Aveva buys OSIsoft for $5bn as virus fuels cloud demand
British industrial software group Aveva on Tuesday announced it had agreed to buy US rival OSIsoft for $5 billion, as the coronavirus pandemic pushes clients to expand their online cloud services.
In a statement, Aveva pointed to strong growth this year at OSIsoft, "as the imperative for digital transformation has continued through the COVID-19 crisis".
As the virus causes office staff to work from home and carry out meetings online, companies are seeking expanded cloud systems for securely housing and accessing their data.
Aveva on Tuesday said it was "capitalising on the technological megatrends that are driving digital transformation of the industrial world.
Part of French group Schneider Electric, Aveva said the purchase would allow the British company "to accelerate the market adoption and expansion of OSIsoft Cloud Services and other cloud-based offerings".
Aveva added that during the pandemic, demand for its own software had been "robust, due to its ability to drive efficiency, flexibility and sustainability for customers across a wide range of industries, with particularly good demand for cloud solutions".
Aveva chief executive Craig Hayman said the acquisition "will accelerate the enlarged group's role in the digitisation of the industrial world, which is being driven by a need for sustainability, the industrial internet of things, cloud, data visualisation and artificial intelligence".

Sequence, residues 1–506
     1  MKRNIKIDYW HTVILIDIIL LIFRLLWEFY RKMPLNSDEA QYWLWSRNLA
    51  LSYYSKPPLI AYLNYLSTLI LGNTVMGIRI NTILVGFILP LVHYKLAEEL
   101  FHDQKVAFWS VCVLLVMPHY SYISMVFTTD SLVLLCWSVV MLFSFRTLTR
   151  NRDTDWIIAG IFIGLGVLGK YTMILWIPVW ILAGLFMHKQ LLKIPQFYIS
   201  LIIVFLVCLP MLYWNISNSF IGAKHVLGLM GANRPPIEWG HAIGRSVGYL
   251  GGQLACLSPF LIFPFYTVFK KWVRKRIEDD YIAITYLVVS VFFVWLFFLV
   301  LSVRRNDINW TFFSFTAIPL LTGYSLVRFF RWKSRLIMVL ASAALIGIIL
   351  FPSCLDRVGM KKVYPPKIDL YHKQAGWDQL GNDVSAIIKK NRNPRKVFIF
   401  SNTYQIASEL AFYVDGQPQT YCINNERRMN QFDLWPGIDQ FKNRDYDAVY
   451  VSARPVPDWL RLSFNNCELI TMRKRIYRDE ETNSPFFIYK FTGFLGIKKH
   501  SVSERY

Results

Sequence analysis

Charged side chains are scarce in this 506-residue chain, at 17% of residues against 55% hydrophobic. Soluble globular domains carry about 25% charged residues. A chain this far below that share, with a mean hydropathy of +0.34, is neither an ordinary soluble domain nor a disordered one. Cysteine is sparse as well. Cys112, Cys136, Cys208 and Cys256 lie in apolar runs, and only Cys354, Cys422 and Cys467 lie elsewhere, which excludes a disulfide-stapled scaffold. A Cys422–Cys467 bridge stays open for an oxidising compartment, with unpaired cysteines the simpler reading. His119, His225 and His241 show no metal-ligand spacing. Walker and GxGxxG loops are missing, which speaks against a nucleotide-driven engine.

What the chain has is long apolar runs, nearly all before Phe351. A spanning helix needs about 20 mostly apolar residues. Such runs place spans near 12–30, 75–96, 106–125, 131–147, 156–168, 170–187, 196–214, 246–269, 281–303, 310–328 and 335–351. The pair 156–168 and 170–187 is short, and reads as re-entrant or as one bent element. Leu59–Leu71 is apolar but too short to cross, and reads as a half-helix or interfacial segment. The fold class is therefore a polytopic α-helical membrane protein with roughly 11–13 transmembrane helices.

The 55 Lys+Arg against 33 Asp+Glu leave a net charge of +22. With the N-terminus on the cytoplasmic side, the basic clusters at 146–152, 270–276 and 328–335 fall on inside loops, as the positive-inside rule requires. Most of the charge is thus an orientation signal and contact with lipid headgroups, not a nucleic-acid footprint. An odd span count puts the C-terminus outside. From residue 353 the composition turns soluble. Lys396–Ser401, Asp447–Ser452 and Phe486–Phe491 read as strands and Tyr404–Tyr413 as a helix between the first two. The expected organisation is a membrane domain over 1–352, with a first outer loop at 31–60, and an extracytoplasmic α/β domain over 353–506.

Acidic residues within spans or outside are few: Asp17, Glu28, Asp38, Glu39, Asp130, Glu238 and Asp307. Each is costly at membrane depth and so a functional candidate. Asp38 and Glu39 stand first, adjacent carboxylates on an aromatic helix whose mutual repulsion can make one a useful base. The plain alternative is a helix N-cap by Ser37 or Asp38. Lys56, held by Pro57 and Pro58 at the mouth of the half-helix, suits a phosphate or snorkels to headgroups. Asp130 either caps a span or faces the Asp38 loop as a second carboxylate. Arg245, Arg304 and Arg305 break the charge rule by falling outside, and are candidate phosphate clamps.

Headquartered in California and employing around 1,400 staff, OSIsoft has customers across 127 countries using its PI data system that will sit as a business unit in the enlarged group.
"Together we will be better able to service the largest digital transformation projects in history," said OSIsoft chief executive J. Patrick Kennedy.
"The next chapter in PI's fifth decade will be exciting for our employees and customers," he added.
The two companies added that in addition to combining their industrial software and data management, cost savings would be realised thanks to their "significant shared customer base".
They hope to complete the deal by the end of 2020 following shareholder approval.
Another group set to benefit strongly from the workplace digital transformation is cloud data warehouse startup Snowflake, which on Monday filed with US regulators for an initial public offering of shares in a keenly anticipated stock market debut.
Snowflake has grown quickly since its start seven years ago in Silicon Valley, and was valued at some $12.4 billion in a private funding round early this year despite not being profitable.
© 2020 AFP